ELECTRIFICATION: A northern California county votes to ban natural gas hookups in all new residential and commercial construction beginning July 1. (KPIX)

COAL: A subsidiary of Arch Coal settles an environmental advocates’ lawsuit by agreeing to flare mine gases to reduce methane and volatile organic compound emissions. (E&E News, subscription)

OIL & GAS:
New Mexico’s new requirements for reporting venting and flaring reveal the state’s oil and gas facilities have been emitting far more methane and other greenhouse gases than previously reported. (Capital & Main)
• The U.S. Interior Department says it will collaborate with other federal agencies and a multi-state commission on a $4.7 billion abandoned well plugging program meant to reduce methane emissions and create jobs. (E&E News)
Federal officials predict oil and gas production from the Permian Basin will surge to record levels in February. (Reuters) 
A district court rules in favor of environmentalists by ordering Colorado regulators to expedite a decision on a Denver-area refinery’s emission permit. (Colorado Sun)
New Mexico oil and gas regulators seek state funding to bolster enforcement efforts and fill staff vacancies. (Carlsbad Current-Argus)
Colorado regulators seek public input on proposed rules requiring oil and gas operators to post financial security for well reclamation and cleanup. (Post-Independent) 

CLIMATE: ExxonMobil attempts to use a Texas law to defend itself against California cities’ lawsuits accusing the company of downplaying and denying the climate crisis. (The Guardian)

STORAGE: An energy developer submits a preliminary application to construct a 720 MW pumped hydropower storage facility in southern Idaho that would be paired with solar and wind installations. (Hydro Review)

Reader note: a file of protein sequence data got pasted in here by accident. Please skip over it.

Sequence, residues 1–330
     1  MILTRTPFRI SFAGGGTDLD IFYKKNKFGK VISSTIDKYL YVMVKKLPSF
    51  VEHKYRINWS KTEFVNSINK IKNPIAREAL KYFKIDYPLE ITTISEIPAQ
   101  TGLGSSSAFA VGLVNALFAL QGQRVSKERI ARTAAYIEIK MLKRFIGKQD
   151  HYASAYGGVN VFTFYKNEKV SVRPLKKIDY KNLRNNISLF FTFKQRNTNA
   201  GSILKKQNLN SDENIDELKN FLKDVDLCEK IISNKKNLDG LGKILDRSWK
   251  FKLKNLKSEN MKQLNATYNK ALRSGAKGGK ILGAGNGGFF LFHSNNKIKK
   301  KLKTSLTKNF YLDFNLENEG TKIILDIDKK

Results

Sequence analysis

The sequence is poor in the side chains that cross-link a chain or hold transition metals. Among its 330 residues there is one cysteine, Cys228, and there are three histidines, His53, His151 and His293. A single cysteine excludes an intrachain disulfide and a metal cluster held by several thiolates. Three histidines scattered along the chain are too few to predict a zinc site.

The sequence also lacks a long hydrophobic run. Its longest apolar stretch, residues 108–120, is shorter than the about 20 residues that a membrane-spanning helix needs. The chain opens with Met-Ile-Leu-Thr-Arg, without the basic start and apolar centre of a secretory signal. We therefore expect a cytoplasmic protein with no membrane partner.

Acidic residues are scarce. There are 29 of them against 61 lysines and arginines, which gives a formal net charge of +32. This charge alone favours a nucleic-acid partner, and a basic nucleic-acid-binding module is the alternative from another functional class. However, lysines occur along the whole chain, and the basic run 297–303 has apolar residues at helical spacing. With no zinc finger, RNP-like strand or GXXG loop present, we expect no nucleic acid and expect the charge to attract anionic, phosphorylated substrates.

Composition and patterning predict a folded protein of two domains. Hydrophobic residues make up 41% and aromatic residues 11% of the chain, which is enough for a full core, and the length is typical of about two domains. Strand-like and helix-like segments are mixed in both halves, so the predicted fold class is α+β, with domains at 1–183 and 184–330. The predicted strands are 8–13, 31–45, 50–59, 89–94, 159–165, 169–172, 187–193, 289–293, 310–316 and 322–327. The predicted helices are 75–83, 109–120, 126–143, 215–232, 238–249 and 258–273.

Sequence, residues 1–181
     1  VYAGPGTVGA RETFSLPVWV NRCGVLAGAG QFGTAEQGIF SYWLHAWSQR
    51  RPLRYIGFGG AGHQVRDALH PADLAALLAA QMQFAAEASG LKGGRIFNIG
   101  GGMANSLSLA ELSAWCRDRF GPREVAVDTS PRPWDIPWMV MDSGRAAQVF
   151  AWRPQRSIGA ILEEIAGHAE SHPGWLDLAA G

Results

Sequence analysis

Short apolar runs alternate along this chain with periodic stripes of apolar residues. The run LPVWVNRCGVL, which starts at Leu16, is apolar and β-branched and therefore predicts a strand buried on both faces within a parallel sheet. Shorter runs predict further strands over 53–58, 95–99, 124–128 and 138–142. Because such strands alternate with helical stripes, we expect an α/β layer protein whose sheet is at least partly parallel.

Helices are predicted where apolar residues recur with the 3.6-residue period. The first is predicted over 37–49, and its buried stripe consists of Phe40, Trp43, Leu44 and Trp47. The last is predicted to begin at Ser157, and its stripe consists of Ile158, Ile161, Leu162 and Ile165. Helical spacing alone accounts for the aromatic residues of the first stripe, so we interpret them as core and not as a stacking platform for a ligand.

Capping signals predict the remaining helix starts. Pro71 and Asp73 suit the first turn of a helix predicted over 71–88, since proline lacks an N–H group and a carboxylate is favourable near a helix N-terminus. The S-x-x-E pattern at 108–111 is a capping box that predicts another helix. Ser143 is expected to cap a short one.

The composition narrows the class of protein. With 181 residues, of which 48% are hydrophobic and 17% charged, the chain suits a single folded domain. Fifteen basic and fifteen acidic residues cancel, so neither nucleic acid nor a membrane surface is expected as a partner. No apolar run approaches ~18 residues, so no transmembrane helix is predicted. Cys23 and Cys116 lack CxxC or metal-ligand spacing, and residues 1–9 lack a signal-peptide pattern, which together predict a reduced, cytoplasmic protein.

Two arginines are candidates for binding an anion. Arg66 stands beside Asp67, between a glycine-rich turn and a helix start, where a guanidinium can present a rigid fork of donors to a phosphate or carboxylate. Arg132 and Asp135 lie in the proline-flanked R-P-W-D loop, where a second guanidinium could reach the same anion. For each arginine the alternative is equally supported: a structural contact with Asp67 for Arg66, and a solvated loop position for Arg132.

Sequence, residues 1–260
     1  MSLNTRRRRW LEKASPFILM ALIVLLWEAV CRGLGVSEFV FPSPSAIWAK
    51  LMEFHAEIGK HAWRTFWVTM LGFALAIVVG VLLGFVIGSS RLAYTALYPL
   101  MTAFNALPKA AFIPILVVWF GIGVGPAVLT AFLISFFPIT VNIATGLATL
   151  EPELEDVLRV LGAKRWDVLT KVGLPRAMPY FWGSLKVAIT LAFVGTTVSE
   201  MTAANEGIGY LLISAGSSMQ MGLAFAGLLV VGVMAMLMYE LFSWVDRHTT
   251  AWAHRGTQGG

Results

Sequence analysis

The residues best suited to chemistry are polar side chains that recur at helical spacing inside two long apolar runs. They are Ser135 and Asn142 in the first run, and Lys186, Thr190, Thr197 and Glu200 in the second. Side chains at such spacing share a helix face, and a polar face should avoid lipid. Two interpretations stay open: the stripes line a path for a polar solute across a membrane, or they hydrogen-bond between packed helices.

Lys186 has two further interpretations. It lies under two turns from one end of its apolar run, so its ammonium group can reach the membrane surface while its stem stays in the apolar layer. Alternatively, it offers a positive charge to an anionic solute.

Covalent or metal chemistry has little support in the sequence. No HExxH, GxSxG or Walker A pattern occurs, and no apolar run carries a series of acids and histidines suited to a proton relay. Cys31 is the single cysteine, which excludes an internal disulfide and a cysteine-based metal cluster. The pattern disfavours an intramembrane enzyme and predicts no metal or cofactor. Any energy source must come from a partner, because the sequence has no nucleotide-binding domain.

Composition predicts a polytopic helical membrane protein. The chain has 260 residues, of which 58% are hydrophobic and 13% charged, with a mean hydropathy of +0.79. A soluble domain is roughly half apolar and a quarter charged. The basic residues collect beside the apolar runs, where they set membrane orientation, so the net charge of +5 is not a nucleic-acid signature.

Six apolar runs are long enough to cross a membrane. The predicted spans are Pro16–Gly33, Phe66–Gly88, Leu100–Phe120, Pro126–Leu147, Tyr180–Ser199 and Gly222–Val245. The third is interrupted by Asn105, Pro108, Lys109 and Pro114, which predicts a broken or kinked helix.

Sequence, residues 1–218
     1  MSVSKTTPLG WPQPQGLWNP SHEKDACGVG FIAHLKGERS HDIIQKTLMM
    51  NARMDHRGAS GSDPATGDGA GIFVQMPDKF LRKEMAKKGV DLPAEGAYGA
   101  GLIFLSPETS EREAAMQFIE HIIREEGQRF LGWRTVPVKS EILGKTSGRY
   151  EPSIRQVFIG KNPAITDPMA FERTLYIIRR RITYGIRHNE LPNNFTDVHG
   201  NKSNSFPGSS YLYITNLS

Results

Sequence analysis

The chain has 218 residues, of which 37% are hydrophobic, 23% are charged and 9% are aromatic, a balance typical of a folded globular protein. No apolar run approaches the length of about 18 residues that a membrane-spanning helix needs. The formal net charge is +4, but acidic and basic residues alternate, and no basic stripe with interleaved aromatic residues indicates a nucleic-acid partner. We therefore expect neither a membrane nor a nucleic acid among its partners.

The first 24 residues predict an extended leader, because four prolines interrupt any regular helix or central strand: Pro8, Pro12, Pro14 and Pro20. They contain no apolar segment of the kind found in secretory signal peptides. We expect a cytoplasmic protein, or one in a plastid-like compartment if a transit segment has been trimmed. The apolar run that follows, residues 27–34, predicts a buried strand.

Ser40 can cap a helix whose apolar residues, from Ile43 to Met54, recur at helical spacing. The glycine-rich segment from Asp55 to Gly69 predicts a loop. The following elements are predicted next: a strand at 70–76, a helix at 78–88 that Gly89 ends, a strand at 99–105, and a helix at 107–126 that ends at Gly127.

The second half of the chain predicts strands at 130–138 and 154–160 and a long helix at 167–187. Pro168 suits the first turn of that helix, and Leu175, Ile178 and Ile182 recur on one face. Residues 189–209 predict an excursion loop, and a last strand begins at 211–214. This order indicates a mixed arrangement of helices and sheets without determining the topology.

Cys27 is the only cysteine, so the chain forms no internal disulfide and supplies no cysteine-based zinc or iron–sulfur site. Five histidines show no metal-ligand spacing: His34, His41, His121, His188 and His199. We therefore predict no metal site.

HYDROGEN:
New Mexico partners with the state’s national labs to research and develop zero-carbon hydrogen. (Albuquerque Journal)
California Gov. Gavin Newsom’s proposed budget includes $100 million to advance green hydrogen use and production. (Hydrogen Fuel News)

UTILITIES:
Neighbors of NorthwesternEnergy’s proposed natural gas plant and associated pipeline in Laurel, Montana, say they are frustrated with the utility’s lack of transparency. (KTVQ)  
New Mexico’s elected utility regulators will be replaced by a governor-appointed commission at the end of this year, giving Public Service Company of New Mexico another avenue for appealing rejected proposals. (Santa Fe New Mexican)

NUCLEAR: A powerful magnetic chamber instrumental in the quest to develop nuclear fusion restarts operations at a San Diego research facility after being down for maintenance for six months. (San Diego Union-Tribune)

COMMENTARY: A Colorado environmental advocate calls on Tri-State Generation and Transmission to speed its transition to renewable energy and provide economic assistance to coal-affected communities. (Durango Herald)

Questions or comments about this article? Contact us at editor@energynews.us.

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Jonathan P. Thompson

Jonathan hails from southwestern Colorado and has been writing about the land, cultures, and communities of the Western United States for more than two decades. He compiles the Western Energy News digest. He is the author of three books, a contributing editor at High Country News, and the editor of the Land Desk, an e-newsletter that provides coverage and context on issues critical to the West.